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Title: The nomadic footnote : multilingualism and transnationalism in modernist paratexts
Author: Clemens, Ruth Alison
ISNI:       0000 0004 8506 1549
Awarding Body: University of Leeds
Current Institution: University of Leeds
Date of Award: 2019
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The recent transnational turn in the new modernist studies has illuminated the complicated geopolitical arrangements, connections, and imaginings of modernisms that are not fixed within national (mono)lingual borders. However, there is not currently a study investigating how this movement across geographical space is enacted via movement across textual space. Literary transnationalism and multilingualism are not limited to the text itself but extend to its paratextual elements such as footnotes, translator's notes, indexes - the myriad connections and compositions of everything that surrounds the text. This thesis therefore aims to address this gap by investigating the relationship between multilingualism, transnationalism, and paratexts in Anglophone modernist literature. Using three case studies of literary paratexts from texts by Virginia Woolf, Hope Mirrlees, and T. S. Eliot, I show how Anglophone modernist writers manipulate the liminality of paratextual conventions in multilingual and transnational ways to open up a relational, open, and indeterminate space in the interstices between texts and languages. My theoretical framework of materialist "nomadology" as developed from the critical theory of Gilles Deleuze, Félix Guattari, and Rosi Braidotti illuminates the points of intersection between ideas of multilingualism and transnationalism and the conceptualization of literature as a multiple and material spatial plane. Through this, the fixity of the boundaries in national literary canons is destabilized and deterritorialized, at the same time as the spatial-textual boundaries of the material object also become indeterminate. This first book-length study of literary multilingual paratexts thus proposes a new mode of reading which changes the way we think about the multilingual experimentation of Anglophone modernism, and serves as paradigm for future work on the everyday materialism of multilingualism.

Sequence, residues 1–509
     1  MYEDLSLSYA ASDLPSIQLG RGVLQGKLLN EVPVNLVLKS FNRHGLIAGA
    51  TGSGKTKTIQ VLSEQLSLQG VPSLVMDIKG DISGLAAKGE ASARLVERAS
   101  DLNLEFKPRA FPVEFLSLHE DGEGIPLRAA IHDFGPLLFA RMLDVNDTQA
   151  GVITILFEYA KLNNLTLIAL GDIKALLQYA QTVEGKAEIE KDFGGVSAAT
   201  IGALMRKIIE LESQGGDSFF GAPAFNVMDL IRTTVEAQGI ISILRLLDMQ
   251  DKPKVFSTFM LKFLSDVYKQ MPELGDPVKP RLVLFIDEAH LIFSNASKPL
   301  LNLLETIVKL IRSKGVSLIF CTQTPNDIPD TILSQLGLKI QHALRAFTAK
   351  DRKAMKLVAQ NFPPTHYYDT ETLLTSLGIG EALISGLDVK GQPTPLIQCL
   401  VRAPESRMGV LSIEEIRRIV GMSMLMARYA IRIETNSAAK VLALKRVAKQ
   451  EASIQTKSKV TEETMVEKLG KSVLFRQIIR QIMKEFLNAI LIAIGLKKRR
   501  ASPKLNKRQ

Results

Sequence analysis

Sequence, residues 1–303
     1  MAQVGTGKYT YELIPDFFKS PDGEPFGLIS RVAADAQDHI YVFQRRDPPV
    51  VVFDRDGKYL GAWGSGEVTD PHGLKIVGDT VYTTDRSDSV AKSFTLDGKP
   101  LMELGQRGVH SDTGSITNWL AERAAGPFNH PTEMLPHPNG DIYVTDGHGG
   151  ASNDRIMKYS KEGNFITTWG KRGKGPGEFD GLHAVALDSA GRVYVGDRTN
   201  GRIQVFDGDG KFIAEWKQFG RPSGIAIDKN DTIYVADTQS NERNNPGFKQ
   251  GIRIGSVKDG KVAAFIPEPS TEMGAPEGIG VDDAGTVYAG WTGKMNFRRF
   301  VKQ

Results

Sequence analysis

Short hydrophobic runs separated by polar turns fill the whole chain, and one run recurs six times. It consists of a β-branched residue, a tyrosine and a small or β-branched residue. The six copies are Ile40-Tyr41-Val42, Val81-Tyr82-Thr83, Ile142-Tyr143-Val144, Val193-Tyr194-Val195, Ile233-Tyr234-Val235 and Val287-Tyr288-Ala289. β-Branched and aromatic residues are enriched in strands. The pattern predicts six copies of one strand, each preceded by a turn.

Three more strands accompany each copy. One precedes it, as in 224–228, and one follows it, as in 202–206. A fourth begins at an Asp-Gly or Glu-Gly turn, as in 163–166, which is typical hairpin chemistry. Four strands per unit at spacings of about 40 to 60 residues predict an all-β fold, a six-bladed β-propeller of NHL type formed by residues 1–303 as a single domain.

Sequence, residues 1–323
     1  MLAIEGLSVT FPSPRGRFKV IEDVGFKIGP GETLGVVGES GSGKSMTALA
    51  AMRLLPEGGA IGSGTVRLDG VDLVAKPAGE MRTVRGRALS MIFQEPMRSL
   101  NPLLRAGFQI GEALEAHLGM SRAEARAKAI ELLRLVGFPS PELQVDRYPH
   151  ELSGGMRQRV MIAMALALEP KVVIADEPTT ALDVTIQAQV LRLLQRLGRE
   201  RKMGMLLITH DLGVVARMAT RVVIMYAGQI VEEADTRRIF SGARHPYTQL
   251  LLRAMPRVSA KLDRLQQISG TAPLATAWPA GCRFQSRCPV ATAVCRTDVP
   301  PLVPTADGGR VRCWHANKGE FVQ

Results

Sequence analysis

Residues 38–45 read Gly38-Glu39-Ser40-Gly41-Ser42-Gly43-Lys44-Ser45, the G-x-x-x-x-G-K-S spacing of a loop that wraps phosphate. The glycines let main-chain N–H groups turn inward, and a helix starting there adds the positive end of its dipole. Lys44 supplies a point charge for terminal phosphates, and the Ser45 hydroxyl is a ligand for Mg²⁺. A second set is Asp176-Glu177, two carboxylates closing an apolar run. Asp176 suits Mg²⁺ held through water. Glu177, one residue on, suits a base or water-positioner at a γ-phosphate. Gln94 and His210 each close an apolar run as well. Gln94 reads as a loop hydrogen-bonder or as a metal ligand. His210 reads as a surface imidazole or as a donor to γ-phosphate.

Supervisor: Taylor-Batty, Juliette ; Hibbitt, Richard ; de Gay, Jane Sponsor: Leeds Trinity University ; ICON ; Utrecht University
Qualification Name: Thesis (Ph.D.) Qualification Level: Doctoral
EThOS ID:  DOI: Not available